Leads and manages the development of the police service in England, Wales and Northern Ireland.
The body that represents the interests of all police constables, sergeants, and inspectors.
Department within a police force that deals with complaints and conduct matters.
The average is calculated using the individual results of the forces in that most similar force group.
An investigation carried out by IPCC staff.
Carried out by the police under their own direction and control. The IPCC sets the terms of reference and receives the investigation report when it is complete. Complainants have a right of appeal following a supervised investigation (unless it is an investigation into a direction and control matter).
This act sets out how the police complaints system operates.
How a police force is run, for example policing standards or policing policy.
An investigation carried out by the police under the direction and control of the IPCC.
An intelligence-led agency with law enforcement powers, it is also responsible for reducing the harm that is caused to people and communities by serious organised crime.

The appropriate authority can be:

  • the chief officer of the police force
  • the Police and Crime Commissioner responsible for the police force you complained about
  • the Mayor's Office for Policing and Crime (if your complaint is about the Commissioner of the Metropolitan Police Service)
  • the Common Council for the City of London (if your complaint is about the Commissioner of the City of London police).
Investigations carried out entirely by the police. Complainants have a right of appeal following a local investigation (unless it is an investigation into a direction and control matter).
A person is adversely affected is he or she suffers any form of loss or damage, distress or inconvenience, if he or she is put in danger or is otherwise unduly put at risk of being adversely affected.
IPCC guidance to the police service and police authorities on the handling of complaints.
Parameters within which an investigation is conducted.
This could be the Police and Crime Commissioner, the Common Council for the City of London, or the Mayor's Office for Policing and Crime.
A flexible process for dealing with complaints that can be adapted to the needs of the complainant. It may involve, for example, providing information and explanation, an apology, or a meeting between the complainant and the officer complained about.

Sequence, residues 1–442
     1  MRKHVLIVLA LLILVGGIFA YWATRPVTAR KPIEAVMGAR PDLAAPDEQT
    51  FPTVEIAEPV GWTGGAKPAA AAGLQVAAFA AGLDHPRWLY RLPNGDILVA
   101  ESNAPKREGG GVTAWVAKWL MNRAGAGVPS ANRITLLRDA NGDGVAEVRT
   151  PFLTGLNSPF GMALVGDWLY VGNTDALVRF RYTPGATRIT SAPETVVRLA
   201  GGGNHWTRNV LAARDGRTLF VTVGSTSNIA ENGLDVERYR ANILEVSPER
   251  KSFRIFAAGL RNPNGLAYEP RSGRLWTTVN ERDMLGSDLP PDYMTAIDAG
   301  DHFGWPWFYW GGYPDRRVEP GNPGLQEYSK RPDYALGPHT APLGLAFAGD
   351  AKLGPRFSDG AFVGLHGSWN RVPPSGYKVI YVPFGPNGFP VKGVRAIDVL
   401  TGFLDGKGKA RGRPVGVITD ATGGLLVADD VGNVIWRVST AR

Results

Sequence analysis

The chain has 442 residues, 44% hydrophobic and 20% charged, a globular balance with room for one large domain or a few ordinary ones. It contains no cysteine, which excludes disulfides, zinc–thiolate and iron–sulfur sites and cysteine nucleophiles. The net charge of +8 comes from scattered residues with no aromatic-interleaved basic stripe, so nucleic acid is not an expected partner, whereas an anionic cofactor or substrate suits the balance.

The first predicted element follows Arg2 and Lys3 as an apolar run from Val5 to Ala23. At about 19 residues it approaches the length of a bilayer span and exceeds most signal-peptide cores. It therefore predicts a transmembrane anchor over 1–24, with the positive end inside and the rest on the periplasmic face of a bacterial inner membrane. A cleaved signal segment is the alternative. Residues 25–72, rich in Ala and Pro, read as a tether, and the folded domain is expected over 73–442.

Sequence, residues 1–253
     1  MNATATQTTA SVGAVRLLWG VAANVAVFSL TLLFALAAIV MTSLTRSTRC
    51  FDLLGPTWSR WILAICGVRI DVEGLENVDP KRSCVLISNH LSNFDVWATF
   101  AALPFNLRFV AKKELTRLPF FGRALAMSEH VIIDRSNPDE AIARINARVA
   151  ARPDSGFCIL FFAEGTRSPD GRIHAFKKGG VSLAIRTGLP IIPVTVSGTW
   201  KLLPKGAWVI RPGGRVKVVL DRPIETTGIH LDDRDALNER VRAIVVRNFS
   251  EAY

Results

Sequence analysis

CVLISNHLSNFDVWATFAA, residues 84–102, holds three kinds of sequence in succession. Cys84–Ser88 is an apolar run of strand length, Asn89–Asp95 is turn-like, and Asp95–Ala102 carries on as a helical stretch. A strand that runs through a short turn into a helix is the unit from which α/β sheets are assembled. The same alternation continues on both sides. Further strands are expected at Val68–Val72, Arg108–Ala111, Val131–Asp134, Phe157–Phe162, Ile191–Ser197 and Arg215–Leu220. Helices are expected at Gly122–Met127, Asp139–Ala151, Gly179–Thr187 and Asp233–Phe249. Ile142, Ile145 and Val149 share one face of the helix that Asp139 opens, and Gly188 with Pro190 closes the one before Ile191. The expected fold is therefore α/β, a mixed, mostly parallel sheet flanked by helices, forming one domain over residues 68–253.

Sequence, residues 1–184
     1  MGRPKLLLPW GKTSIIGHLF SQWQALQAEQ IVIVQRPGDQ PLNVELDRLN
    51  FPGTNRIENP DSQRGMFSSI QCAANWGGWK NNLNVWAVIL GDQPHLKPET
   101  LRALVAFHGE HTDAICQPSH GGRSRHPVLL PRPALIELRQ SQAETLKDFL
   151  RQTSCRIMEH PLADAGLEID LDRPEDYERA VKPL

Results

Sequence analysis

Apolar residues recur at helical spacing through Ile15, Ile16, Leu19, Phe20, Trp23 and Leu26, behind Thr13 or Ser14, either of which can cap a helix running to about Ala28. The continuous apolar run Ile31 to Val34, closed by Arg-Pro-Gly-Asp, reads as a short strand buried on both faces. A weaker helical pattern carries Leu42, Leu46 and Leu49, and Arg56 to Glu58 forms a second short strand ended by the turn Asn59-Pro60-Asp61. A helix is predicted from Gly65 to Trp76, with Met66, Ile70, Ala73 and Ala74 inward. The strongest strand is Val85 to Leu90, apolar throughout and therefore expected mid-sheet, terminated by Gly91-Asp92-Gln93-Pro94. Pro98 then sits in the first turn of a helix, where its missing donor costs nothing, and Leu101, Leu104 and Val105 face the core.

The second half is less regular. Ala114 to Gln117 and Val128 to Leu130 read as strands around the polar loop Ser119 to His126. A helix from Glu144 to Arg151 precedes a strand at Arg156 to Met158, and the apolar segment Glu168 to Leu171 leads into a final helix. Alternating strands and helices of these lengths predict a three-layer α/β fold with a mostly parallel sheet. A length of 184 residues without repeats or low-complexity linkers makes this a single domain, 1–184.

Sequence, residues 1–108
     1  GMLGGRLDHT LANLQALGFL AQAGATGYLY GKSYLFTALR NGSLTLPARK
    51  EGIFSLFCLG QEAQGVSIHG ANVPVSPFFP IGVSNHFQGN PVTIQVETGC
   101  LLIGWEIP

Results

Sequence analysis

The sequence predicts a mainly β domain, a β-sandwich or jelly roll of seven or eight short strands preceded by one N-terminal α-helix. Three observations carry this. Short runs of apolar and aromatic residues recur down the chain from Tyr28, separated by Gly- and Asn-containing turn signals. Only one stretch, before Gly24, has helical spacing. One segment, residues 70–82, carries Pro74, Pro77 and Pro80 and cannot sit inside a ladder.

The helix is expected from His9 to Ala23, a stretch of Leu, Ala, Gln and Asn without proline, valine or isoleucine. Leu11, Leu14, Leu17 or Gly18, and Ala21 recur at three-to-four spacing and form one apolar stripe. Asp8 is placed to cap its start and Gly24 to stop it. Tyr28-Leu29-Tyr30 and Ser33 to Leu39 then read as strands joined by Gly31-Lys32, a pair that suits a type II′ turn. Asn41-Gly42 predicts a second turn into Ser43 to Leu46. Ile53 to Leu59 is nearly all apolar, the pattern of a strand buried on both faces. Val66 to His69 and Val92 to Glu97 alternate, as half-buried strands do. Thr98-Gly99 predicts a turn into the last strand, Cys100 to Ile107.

Consists of a chair, two deputy chairs, and commissioners – each responsible for specific police forces, guardianship work and individual cases.
Disapplication means that a police force may handle a complaint in whatever manner it thinks fit, including not dealing with it under complaints legislation. This may only take place in certain limited circumstances where the complaint fits one or more of the grounds for disapplication set out in law.
The ending of an ongoing investigation into a complaint, conduct matter or DSI matter. An investigation may only be discontinued if it meets one or more of the grounds for discontinuance set out in law.
Used to house anyone who has been detained.
Complainants have the right to appeal to the IPCC if a police force did not record their complaint or notify the correct police force if it was made originally to the wrong force.
The purpose of an investigation is to establish the facts behind a complaint, conduct matter, or DSI matter; and reach conclusions. An investigator looks into a complaint and produces a report that details the outcome of each allegation. There are four types of investigation: local investigation, supervised investigation, managed investigation and independent investigation.
A person who makes a complaint about the conduct of someone serving with the police.
The type of behaviour being complained about. A single complaint case can have one or many allegations attached.
An independent judicial officer, the coroner enquires into deaths reported to him/her.
A record is made of a complaint, giving it formal status as a complaint under the Police Reform Act 2002.
No further action may be taken with regard to a complaint if the complainant decides to retract their allegation(s).
Casework involves assessing appeals. Casework staff also have a role in overseeing the police complaints system to help ensure police forces handle complaints in the best possible way.
The IPCC must be notified about specific types of complaint or incidents to be able to decide how they should be dealt with.
Conduct includes acts, omissions, statements and decisions (whether actual, alleged or inferred). For example: language used and the manner or tone of communications.
An application by a complainant for a police decision to be reviewed.

Investigations:

Police force: